Press Release

Project to investigate blood vessel damage in Covid-19 patients

Published on 12 May 2021

A research project at the University of Dundee investigating how Covid-19 damages blood vessels has received funding of £133,000 from national charity Heart Research UK.

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Portrait photo of Faisel Khan

A research project at the University of Dundee investigating how Covid-19 damages blood vessels has received funding of £133,000 from national charity Heart Research UK.

Harmful effects of Covid-19 are excessively high in people who have pre-existing diseases of the heart and blood vessels. Covid-19 can also cause ‘new’ damage to the heart and blood vessels in people who have no pre-existing disease.

The lining of blood vessels, called endothelium, acts as a barrier and first point of contact for the virus. From recent research studies, there is evidence that the virus causes damage to the endothelium which, in turn, leads to disease of the heart and blood vessels, particularly the very small blood vessels, called microvessels.

It is thought that inflammation in the body caused by Covid-19 might be responsible for some of these harmful effects. Inflammation is a protective mechanism activated by the body’s immune system to fight infection, remove harmful toxins and help in the healing process. However, inflammation can also have detrimental effects on the human body, especially when it does not resolve and becomes persistent, as in Covid-19.

The project will be led by Faisel Khan, Professor of Cardiovascular Sciences at Dundee’s School of Medicine. Professor Khan and his team believe that abnormal activation of a type of white blood cell, called the neutrophil, important in the body’s immune response, might be linked with Covid-19 and cause damage to the blood vessels.

Professor Khan said, “As Covid-19 is still a relatively new disease, we are still trying to understand how it affects the body. We know that people with pre-existing cardiovascular conditions are more likely to suffer from serious complications, and that Covid-19 itself can damage the heart and blood vessels.

“With this project, we hope to be able to better understand why and how Covid-19 damages the cardiovascular system, and hope to find new ways to prevent or reduce that damage, improving outcomes and quality of life for patients.

“We are very grateful to Heart Research UK for supporting this exciting research.”

Recent research has shown that drug treatment to reduce the abnormal activation of neutrophils can improve the symptoms of patients who have bronchiectasis, a lung disease caused by inflammation.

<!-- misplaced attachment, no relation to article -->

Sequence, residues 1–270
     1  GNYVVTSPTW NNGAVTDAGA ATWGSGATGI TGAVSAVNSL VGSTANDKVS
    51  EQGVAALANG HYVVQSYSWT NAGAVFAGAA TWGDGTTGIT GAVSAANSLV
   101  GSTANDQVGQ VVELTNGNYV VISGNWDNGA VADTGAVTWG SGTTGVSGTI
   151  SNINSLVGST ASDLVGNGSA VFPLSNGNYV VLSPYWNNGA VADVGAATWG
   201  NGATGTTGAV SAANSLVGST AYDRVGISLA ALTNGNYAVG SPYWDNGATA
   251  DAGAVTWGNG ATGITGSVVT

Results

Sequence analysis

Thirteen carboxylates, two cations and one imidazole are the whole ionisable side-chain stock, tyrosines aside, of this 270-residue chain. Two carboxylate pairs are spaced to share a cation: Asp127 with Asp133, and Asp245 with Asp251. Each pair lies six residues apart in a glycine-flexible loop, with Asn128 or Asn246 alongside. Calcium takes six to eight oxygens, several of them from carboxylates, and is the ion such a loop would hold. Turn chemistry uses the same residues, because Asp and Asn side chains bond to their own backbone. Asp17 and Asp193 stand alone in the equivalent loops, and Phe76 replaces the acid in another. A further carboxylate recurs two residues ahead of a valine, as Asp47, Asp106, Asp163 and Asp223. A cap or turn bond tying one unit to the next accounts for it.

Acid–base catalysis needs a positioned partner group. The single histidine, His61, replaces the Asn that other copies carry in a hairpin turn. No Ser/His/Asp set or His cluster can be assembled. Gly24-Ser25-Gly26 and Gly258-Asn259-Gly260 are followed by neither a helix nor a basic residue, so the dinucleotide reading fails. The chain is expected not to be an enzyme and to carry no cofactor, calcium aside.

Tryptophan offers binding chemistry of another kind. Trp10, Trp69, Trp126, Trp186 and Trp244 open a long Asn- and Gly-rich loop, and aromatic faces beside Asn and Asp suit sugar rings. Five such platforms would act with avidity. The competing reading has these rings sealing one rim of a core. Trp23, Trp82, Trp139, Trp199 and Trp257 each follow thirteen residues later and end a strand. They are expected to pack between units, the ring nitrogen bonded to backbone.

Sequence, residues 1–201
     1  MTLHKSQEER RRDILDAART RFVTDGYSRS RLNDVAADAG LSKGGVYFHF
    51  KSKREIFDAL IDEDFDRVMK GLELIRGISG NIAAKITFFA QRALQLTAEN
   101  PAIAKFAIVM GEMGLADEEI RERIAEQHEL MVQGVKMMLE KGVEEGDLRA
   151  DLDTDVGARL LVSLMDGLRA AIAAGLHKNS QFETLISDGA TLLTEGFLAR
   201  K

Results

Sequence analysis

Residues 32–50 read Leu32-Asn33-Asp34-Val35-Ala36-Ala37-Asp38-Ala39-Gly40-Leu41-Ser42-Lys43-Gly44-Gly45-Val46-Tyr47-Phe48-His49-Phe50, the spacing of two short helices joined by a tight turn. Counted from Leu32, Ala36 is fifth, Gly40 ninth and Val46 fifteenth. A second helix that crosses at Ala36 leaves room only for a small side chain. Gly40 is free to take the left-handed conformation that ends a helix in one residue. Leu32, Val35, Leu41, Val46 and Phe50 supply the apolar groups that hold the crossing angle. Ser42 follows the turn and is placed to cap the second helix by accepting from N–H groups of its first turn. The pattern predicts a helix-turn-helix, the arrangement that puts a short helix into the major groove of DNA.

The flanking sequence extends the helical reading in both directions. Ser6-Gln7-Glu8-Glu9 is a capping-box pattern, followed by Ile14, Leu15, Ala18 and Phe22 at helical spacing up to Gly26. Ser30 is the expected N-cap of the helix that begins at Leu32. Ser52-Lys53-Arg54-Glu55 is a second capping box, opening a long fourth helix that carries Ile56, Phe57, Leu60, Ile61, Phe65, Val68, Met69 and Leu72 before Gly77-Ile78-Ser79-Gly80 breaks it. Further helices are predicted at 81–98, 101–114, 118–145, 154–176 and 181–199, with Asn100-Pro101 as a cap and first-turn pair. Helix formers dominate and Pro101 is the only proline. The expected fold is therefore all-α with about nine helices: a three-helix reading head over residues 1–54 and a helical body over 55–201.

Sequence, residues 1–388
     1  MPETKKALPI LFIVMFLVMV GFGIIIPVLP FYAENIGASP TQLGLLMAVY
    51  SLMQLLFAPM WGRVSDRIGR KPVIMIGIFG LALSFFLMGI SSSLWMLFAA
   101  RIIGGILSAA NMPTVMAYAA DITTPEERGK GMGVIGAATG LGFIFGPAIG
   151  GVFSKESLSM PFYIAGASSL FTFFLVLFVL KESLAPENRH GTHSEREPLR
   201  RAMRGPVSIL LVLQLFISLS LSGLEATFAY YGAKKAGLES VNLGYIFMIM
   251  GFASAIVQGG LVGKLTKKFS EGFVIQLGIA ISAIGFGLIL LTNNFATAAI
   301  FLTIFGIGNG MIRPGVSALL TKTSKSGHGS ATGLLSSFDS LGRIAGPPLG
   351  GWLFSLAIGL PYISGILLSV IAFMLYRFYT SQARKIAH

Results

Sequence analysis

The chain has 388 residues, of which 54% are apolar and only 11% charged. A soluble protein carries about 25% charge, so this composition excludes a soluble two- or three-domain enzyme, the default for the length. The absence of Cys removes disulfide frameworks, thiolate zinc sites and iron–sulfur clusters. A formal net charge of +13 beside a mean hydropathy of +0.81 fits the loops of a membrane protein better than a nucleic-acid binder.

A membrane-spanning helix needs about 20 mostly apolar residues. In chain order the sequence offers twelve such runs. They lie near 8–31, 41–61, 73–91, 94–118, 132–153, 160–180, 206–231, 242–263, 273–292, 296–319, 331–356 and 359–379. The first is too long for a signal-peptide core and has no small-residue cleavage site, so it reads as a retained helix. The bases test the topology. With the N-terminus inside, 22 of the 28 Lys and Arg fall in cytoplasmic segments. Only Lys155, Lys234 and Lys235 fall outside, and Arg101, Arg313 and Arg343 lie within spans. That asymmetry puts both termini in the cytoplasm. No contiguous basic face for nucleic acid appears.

The project will explore whether abnormally high activation of neutrophils is responsible for long term damage to the endothelium and small blood vessels in Covid-19 patients. It will also examine whether reducing activation of neutrophils with drug treatment reduces damage to the endothelium and improves the function of the blood vessels.

The team will assess the function of the small blood vessels over 12 months in patients who have had Covid-19 to see if this is abnormal compared with healthy people who have not had the disease. They will apply small amounts of chemicals to the skin and use a laser machine, which measures blood flow in the microvessels, to assess how well the blood vessels are working. They will also take blood samples to measure the activation of neutrophils and see if high levels of activation are linked to blood vessel damage.

They will also use these methods in patients who have been hospitalised with Covid-19 to compare the effects of drug treatment versus placebo on the activation of neutrophils and function of the blood vessels.

The study will show whether increased activation of neutrophils contributes to development of long-term disease of the blood vessels in Covid-19 patients and whether reducing their activation has beneficial effects. Targeting neutrophils in this way could be an important treatment option for reducing blood vessel and heart complications in people who have Covid-19.

Kate Bratt-Farrar, Chief Executive of Heart Research UK, said, “We are delighted to be supporting the work of Professor Khan and his team, whose research is vital in understanding how we are being affected by one of biggest health challenges we have ever faced.

“For some time, it has been known that Covid-19 can have long-lasting effects on the heart. Through this research, we hope to be able to better understand how this damage occurs, and how we can hopefully improve outcomes for patients.

“Heart Research UK grants are all about helping patients. They aim to bring the latest developments to those who need them, as soon as possible.

“The dedication we see from UK researchers is both encouraging and inspiring, and we at Heart Research UK are proud to be part of it.”

Enquiries

Grant Hill

Press Officer

+44 (0)1382 384768

G.Hill@dundee.ac.uk